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March 26, 2011

The key benefits of lean and six sigma include providing structured methods of improvement to reduce waste, shorten production time, reducing cost, reducing lead times, promoting concurrent work, accelerating activities, improving planning and control and ultimately high levels of customer satisfaction.

An essential element to making lean and six-sigma work is in ensuring that its practices are used beyond production. From land development, marketing, sales, estimating, design, purchasing, construction, warranty and service to finance and administration all need to be introduced to the concepts.


One of the key issues to address for lean is waste and these can be addressed via the partnerships and process mapping discussed above. This includes

  • Overproduction
  • Excessive and wasted motion
  • Excessive or missing inventory
  • Inefficient transportation
  • Waiting and delays
  • Defects scrap and rework
  • Over processing

What are YOUR costs of waste, defects, rework and warranty?

These categories of waste are to some degree in and off themselves a shift in thinking, in many ways we build in delays and transportation issues to our construction schedules. But by addressing each of these in tandem with flow charts, value stream mapping for example we can begin to identify and drive out waste, reduce time lines and institute Just In Time delivery of materials and products. For example while motion studies are more common in manufacturing settings they are applicable for construction. This can relate to studies of the construction site layout for storage of materials and equipment to ensure the least transport on site for example. This can also relate to each floor or section of a building under construction.


Another lean tool is 5S. This includes combining the concepts of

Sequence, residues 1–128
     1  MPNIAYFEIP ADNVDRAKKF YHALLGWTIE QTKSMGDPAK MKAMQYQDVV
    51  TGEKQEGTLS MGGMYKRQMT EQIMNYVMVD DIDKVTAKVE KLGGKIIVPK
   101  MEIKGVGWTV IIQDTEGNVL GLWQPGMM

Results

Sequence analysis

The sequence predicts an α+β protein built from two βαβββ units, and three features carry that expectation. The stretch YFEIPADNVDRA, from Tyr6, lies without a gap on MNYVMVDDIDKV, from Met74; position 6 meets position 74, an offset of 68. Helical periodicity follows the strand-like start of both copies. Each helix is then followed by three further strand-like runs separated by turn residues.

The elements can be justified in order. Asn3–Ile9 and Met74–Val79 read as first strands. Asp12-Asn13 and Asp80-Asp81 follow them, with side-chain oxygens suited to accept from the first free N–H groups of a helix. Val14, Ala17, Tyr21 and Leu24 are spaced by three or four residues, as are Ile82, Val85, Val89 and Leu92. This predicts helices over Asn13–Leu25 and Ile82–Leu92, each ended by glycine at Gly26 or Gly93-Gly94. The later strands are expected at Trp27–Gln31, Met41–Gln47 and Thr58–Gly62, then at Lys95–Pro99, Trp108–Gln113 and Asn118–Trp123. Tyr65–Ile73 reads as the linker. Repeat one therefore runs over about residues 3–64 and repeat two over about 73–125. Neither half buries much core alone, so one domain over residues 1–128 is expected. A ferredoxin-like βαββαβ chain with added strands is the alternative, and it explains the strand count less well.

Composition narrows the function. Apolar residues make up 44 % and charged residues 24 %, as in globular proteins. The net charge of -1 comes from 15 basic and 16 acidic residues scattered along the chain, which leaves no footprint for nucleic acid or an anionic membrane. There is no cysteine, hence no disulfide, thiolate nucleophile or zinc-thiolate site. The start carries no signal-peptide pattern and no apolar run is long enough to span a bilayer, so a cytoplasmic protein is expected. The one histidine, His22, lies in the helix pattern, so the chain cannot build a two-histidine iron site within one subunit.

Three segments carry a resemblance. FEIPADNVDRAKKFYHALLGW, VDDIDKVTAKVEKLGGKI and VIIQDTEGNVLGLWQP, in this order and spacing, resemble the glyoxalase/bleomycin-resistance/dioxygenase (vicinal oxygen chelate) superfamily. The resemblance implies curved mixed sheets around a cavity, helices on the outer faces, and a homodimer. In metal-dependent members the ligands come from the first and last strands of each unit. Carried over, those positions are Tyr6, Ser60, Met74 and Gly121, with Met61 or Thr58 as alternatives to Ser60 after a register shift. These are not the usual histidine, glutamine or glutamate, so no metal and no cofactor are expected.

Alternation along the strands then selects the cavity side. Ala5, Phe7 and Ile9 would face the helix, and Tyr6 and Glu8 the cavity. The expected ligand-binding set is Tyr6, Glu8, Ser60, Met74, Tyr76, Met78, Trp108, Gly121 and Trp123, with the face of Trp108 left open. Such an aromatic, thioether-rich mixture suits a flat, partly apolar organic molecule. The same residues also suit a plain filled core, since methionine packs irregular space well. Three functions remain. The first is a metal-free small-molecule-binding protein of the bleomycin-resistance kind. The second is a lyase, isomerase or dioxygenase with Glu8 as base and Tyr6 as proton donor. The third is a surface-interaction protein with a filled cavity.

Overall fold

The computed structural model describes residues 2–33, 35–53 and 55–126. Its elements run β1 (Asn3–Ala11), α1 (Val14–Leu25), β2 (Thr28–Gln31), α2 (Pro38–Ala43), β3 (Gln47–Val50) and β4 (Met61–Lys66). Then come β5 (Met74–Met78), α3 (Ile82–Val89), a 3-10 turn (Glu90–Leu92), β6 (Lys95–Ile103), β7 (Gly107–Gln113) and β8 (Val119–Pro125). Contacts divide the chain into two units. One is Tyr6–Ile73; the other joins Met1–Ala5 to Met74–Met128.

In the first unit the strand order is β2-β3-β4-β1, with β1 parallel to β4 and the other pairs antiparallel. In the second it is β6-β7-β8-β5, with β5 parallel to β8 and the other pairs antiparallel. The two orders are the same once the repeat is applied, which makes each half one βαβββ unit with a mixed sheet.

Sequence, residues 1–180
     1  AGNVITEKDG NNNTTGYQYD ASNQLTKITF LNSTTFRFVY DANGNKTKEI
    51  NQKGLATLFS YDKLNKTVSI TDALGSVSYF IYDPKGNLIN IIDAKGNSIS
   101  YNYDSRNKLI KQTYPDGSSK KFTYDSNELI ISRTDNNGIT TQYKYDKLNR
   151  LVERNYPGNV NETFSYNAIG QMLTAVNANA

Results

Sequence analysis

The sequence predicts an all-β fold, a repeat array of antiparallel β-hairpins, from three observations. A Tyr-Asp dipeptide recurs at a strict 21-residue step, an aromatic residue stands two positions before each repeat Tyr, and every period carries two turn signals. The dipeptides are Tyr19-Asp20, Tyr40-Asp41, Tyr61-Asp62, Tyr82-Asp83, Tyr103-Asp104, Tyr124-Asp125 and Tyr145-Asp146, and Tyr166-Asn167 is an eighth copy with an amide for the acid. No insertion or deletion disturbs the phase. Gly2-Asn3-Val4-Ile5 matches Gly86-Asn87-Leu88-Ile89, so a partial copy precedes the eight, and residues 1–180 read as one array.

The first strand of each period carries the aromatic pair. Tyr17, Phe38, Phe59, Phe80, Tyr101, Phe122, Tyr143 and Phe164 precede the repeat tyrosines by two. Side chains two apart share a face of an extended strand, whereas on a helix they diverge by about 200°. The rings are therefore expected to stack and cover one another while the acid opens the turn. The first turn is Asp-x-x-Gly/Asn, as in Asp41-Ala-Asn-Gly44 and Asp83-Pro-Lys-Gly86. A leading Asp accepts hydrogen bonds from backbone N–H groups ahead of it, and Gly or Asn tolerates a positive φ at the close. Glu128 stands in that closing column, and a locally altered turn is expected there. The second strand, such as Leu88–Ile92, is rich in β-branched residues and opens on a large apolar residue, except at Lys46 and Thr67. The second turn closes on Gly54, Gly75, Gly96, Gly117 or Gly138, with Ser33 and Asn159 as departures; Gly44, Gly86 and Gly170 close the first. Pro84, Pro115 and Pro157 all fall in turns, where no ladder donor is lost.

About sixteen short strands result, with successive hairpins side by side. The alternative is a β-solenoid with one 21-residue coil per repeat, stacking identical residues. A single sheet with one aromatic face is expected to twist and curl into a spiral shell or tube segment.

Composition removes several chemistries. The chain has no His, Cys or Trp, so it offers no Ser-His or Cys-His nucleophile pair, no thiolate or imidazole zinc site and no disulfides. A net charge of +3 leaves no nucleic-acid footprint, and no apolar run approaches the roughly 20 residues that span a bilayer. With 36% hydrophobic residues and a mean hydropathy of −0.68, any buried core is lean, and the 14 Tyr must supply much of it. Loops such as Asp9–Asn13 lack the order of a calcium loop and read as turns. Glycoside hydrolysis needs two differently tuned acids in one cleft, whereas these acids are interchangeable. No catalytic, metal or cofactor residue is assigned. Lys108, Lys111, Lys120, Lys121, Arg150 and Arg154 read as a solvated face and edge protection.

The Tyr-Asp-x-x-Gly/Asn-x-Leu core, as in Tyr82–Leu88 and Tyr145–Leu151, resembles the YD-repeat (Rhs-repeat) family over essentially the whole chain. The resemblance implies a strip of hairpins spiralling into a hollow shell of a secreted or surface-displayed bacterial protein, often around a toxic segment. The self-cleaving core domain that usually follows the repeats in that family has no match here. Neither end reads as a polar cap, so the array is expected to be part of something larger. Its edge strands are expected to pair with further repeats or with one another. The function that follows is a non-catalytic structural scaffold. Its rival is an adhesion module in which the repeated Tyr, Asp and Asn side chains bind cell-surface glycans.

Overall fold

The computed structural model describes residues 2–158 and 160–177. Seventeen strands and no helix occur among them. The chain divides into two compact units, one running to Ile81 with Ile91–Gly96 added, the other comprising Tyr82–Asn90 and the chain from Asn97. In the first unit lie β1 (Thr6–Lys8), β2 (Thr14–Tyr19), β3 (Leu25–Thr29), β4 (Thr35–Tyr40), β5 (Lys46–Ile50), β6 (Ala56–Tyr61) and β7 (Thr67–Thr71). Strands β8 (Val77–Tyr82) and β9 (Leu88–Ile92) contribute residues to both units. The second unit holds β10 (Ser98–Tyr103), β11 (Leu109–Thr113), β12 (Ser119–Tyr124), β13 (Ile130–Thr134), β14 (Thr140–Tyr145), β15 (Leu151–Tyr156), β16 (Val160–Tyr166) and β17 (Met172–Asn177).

1. Sorting
  2. Systematic arrangement
  3. Spick and Span
  4. Standardization
  5. Self-discipline

Again this can easily be related to the construction site to ensure that materials are stored appropriately for example on pallets so they are off the ground and covered for protection from rain or ground water. Even tools and equipment in trucks and in toolboxes or especially wheeled tools cabinets can be organized to reduce damage and ease of location during work. It most certainly applies to warehousing of equipment and materials.

While all of the above are elements of lean they can all be coordinated especially on a problem solution or improvement project level by using the six sigma concept of Define, Measure, Analyze, Improve and Control (DMAIC). This can be used as a five-step improvement process much in the same way as Plan, Do, Check, Act (PDCA). This can be used to address individual problems that have occurred or for preventive actions. Or it can be used as a wider improvement project or initiative framework to help lead and coordinate. This is a simple but effective way to introduce a concept of six sigma.


Some elements to think about when using lean for improvement ideas include the following:

  • Remove intermediaries
  • Use substitution
  • Reduce or recycle
  • Eliminate the things that are not used or necessary
  • Do tasks in parallel
  • Smooth work flow
  • Minimize hand offs
  • Use pull systems
  • Develop alliances
  • Implement cross training
  • Optimize the level of inspection
  • Focus on preventive maintenance of tools and equipment
  • Standardize
  • Develop contingency plans
  • Reduce the number of components
  • Use visual job site displays to communicate project information


While this is just an overview, it does relate how even small steps can be taken to implement key elements of lean and six sigma in the construction setting.


NEXT TIME, Improving Customer Satisfaction through Employee Satisfaction & Schedule of Upcoming Topics

Written By

Denis Leonard has a degree in construction engineering, and an M.B.A. and a Ph.D. in quality management. He is a Fellow of the American Society for Quality and has been an Examiner for the Baldrige National Quality Award Board of Examiners, a Judge on the International Team Excellence Competition, and a Lead Judge on the National Housing Quality Award. He has experience as a quality manager in the home building industry as well as construction engineer, site manager, and in training, auditing, and consulting with expertise in strategic and operational quality improvement initiatives. His work has achieved national quality, environmental, and safety management awards for clients. 


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